Al Batt: By jingles, Oscar, Tony say they are grrrrrrrrrrr! – Albert Lea Tribun

Al Batt: By jingles, Oscar, Tony say they are grrrrrrrrrrr!

Posted at 8:45 p.m. on Tuesday, August 16, 2022

Tales from Exit 22 by Al Batt

I live near a telephone.

Like almost everyone does.

Al Batt

My ringtone is simple, but I hear many others ranging from a vintage landline to a cricket to a quacking mallard to a distorted song that could have been country or rap. It is not good to deceive Mother Nature.

When I was an ankle-biter extraordinaire, we had no TV channels. Our “must have TV” was not. Then we discovered that it helped if we had a TV. We got a used station that received two channels, one going in well, the other not well. Later, a third and a fourth channel were added. We shared TV shows. If anyone asked us if we had seen “The Andy Griffith Show”, we had. There were no emails to check or angrily type in all caps. All caps were what we saw in a 3.2 beer joint.

That was before anyone had to load a toothbrush. It was a primitive time, but we had advertising jingles, slogans and slogans to support us. They lodged in our brains, becoming earworms that were almost impossible to extinguish. I still hear them. I could live my day by jingles and slogans.

I hear “Snap, Crackle, Pop” when I roll out of bed every morning as a solo band.

I clapped. “Applause,” I said, hoping my world would light up. Nothing happens and I remember I never owned The Clapper, but I clapped just to be sure. “Applause.”

I climbed onto the scale. “Be all you can be.” The army would be proud. I looked at the ugly paper clipping I had received paying a bill one shitty day. I’m stuck on bandages because a bandage is stuck on me.

I staggered into the kitchen, making only one false turn and checking my GPS twice. I remembered “The best part of waking up is Folgers in your cup”, but that wasn’t the case. I don’t know if Maxwell House is good to the last drop. I drink tea.

Meow, meow, meow, meow. Meow Mix is so good that cats ask for it by name. The cat has a magic bowl that mysteriously fills up.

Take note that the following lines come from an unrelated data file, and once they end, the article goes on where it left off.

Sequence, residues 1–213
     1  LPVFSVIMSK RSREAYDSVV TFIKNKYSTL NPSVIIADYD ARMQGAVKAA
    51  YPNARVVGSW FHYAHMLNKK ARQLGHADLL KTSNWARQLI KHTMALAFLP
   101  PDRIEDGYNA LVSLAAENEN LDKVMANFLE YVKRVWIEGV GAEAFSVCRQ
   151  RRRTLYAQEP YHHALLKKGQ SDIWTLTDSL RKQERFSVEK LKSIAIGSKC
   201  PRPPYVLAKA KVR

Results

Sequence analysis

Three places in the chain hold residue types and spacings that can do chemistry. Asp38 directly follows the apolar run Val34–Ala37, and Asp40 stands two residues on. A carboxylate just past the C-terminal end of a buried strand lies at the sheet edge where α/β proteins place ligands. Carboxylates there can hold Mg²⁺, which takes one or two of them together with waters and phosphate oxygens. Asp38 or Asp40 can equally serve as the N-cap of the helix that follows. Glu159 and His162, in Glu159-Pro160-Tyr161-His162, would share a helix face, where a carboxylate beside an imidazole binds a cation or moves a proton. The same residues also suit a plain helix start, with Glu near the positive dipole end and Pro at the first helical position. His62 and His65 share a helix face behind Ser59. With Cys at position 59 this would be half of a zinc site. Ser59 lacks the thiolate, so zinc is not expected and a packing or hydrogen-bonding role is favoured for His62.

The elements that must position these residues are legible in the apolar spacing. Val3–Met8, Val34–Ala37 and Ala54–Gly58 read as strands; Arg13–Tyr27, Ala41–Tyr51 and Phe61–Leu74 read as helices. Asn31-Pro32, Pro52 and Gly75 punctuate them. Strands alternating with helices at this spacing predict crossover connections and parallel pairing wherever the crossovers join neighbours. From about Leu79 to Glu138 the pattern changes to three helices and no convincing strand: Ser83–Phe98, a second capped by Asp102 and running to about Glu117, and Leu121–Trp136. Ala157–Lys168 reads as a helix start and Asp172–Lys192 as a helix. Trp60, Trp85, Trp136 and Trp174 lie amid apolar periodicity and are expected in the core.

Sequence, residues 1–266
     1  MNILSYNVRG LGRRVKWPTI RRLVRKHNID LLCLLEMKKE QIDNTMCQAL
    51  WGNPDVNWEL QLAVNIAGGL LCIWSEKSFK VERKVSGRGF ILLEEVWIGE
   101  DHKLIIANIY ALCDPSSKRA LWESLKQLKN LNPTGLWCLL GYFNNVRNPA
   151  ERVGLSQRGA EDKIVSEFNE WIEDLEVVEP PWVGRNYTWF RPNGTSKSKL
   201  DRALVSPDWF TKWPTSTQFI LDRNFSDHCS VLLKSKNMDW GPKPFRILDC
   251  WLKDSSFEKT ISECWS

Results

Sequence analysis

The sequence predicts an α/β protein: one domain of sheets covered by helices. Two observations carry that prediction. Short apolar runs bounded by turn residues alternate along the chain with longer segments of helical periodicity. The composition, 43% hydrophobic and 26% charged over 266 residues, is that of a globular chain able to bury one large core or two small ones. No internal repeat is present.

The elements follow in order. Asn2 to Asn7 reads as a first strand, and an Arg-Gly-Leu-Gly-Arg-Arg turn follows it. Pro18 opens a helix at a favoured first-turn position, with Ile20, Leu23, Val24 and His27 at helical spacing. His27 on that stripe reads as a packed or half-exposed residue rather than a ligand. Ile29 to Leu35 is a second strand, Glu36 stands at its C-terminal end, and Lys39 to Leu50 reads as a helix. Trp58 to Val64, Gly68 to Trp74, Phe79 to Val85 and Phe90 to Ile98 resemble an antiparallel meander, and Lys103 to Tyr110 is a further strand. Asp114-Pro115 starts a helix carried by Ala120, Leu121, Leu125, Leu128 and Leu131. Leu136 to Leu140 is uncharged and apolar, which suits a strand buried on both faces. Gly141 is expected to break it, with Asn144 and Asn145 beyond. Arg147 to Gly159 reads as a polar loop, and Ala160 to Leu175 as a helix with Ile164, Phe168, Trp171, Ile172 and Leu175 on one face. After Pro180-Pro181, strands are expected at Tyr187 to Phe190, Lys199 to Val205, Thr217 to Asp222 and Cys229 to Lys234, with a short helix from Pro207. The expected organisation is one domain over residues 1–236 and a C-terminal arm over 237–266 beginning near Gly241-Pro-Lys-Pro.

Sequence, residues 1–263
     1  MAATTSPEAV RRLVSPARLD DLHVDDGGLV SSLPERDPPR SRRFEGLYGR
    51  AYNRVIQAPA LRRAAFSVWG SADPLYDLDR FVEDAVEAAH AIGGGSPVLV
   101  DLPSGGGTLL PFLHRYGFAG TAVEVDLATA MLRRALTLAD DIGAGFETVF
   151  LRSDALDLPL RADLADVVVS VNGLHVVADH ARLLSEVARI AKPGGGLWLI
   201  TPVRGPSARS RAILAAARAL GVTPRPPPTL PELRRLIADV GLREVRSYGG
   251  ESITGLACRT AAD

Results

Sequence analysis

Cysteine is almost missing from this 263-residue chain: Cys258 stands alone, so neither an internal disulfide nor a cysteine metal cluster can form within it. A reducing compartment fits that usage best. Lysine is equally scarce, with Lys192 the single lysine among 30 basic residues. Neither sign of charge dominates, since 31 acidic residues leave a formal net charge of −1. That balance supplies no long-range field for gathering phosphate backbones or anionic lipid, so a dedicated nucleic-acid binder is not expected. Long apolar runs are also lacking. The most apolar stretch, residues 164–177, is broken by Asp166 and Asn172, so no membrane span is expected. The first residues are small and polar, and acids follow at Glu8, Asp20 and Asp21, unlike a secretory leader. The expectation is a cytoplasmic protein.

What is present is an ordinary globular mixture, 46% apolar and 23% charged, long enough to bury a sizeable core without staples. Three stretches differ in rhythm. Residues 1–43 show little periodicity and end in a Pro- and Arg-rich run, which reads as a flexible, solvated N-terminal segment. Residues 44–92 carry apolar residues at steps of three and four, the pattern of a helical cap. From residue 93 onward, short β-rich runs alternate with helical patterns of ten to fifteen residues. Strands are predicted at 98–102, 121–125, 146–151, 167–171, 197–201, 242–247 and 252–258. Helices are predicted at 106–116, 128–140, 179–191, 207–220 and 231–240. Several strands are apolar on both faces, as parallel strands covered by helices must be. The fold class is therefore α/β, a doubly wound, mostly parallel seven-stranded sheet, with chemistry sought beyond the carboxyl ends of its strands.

Breakfast options were plentiful. “They are magically delicious!” “Breakfast of Champions.” “They are grrrrrrrrrrrrrrrrrrrrrrrrrrrrrrrrrrrrrrrrrrrrrrrrrrrrrrrrrrrrrrrrrrrrrrrrrrrrrrrrrrrrrrrrrrrrrrrrrrrrrrrrrrrrrrr, they are grrrrrrrrrrrrrrrrrrrrrrrrrrrrrrrrrrrrrrrrrrrrrrrrrrrrrrrrrr, “Trixes are for children.” No pink hearts, orange stars, yellow moons and green clovers for me. “Have milk?” I had milk and enjoyed oatmeal with nuts and blueberries.

I would have wondered where the yellow went if I had brushed my teeth with Pepsodent. My shave was the best a man could get and I didn’t rush the Charmin.

I thought of preparing a sandwich because my bologna has a first name, it’s OSCAR. I looked in the fridge at the valley of the jolly–ho-ho-ho!–Green Giant. There’s always room for Jell-O, nobody likes Sara Lee, nothing says like liking something out of the oven, Rice-a-Roni – the San Francisco treat, mm-mm good soup, good rest of pizza-pizza, and I was wondering where’s the beef? I didn’t want to let my fingers slip, so I was driving across the United States in my Chevy and stopping to enjoy two beef patties, special sauce, lettuce, cheese, pickles, onions on a sesame seed bun because I deserved a break today or maybe I would do it my way. Maybe I would think outside of the bun. I didn’t need to hurry because a motel had promised me, “We’ll leave the lights on for you.”

Tomorrow I’ll fly something special in the air, friendly skies, not as friendly as they used to be, where I’ll be given a bag of five peanuts at the most because sometimes I feel like be a weirdo, sometimes I don’t. “Betcha can’t eat just one.” How can I get to the airport? I just do it. I was hoping the airline mimicked Hallmark, “When you care enough to send the best” and another traveler might comment, “Aren’t you happy using Dial?”

And I would intelligently answer, “Raise your hand if you’re sure.”

My watch might take a lick and keep ticking. I hope I could too.

Otherwise, there is always plop plop, fizz fizz, oh what a relief.

Calgon, take me!

Al Batt’s column appears in the Tribune every Wednesday.

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